Agenda 21 is a document that came out of a UN conference on global sustainability. The document was made public on the 13 th of June in 1992 and it was immediately attacked by rabid conspiracy theorists who claimed it was an authoritarian plan to institute a ‘New World Order.’ The UN was demonized as an arm of the Illuminati, world ‘oligarchs’ who practiced child trafficking and the sacrifice of babies. Really dark stuff. They spoke of the UN by its “true” name, as the ‘Luciferian Church of the UN.’
Those of us who think we are a bit more sane just saw in the document a plan for ways we could accommodate 9 billion people on a small planet without environmental disaster. Oblivious us!
But, in the time of the novel coronavirus, it is interesting to think about the recommendation made in Agenda 21 in favor of greater population density centers, cities, as opposed to far-flung suburbs and ever-more-distant subdivisions. Of course, Agenda 21 was addressing infrastructure and land use, not pandemics. Everyone, no matter how distant from the city center, wanted public sewers and water supplies. Many Americans still rely on wells and septic tanks, but people want what they want, and there was lots of pressure to get better amenities. Some local areas did pay heed to Agenda 21 in small ways. They told builders that they could not expect the infrastructure to follow them if they kept moving further from the city center. They told builders to start filling in the empty lots and fallow spaces.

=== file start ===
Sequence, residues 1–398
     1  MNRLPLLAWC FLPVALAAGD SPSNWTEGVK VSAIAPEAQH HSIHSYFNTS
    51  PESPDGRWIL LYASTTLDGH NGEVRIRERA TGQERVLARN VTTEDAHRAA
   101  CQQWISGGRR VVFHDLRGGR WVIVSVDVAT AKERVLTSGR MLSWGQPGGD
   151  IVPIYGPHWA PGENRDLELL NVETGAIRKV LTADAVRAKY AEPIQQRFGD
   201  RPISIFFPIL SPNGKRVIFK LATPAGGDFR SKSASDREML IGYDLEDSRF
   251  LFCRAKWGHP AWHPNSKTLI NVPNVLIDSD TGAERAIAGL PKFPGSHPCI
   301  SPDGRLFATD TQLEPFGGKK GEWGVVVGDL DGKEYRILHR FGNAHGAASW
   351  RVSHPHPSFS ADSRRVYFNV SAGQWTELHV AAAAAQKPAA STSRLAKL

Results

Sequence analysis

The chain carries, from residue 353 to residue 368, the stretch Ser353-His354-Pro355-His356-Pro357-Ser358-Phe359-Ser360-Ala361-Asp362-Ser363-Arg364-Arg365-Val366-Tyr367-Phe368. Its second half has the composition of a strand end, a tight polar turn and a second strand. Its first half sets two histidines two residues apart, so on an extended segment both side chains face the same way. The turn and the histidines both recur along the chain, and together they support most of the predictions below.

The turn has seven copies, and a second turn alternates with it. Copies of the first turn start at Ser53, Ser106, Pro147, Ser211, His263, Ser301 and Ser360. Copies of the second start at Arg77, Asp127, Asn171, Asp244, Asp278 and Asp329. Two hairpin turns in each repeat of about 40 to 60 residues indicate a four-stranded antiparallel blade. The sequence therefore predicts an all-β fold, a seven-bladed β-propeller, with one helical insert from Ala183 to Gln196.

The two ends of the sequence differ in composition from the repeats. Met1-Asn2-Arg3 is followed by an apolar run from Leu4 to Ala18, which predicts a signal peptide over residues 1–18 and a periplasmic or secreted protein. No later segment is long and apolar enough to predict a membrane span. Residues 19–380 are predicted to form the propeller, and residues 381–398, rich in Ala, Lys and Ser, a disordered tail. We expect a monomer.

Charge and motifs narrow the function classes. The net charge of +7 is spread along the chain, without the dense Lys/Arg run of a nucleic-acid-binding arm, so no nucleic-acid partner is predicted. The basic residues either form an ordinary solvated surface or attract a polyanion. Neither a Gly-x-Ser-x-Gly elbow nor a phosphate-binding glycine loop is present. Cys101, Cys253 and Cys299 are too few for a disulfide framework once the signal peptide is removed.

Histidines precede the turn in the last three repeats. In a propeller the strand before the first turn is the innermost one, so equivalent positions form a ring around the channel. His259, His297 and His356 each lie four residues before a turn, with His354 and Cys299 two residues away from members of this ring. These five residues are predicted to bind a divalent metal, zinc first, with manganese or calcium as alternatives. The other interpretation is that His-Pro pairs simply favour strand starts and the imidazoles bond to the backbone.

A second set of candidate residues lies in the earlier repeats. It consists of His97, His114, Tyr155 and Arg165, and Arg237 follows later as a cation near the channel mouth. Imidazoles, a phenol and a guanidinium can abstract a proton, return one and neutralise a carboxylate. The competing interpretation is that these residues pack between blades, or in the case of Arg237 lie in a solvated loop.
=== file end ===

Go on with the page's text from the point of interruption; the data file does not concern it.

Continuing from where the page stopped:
We have seen more apartment buildings, upscale of course, but still not single family homes, being built in what were fields, but close to shopping. There is a whole little world back behind those big box stores, at least that is true in my small corner of the world.
But if we are to leave the hinterlands to farmers and hunker down in tighter, more populated spaces we now have to consider that plan in relation to pandemics. We know that what we are going through right now with the corona virus will not be the only pandemic coming down the pike (and we know this well because there has been one new germ popping up after another – Zika, Ebola, H1N1, mers virus, sars virus).
The necessity of stopping disease transmission argues against the density that Agenda 21 argues for. Those who like to plan for a sustainable future need to go back to the drawing board and figure out how we can deal with both the environmental concerns and the health concerns of having a small planet trying to house a mega-population. These diseases may be trying to establish a balance between resources and those who consume them. Who will win; virus and bacteria, or the human race? Unless we get a plan, a good pandemic plan, really soon the tiny aliens may win from the spaces within us, rather than arriving from distant planets. Can our think tanks give these two opposing human problems some productive thought, given our six feet of separation. It’s entirely possible that time to think could produce great things.
Photo Credit: From a Google Image Search – active sustainability.com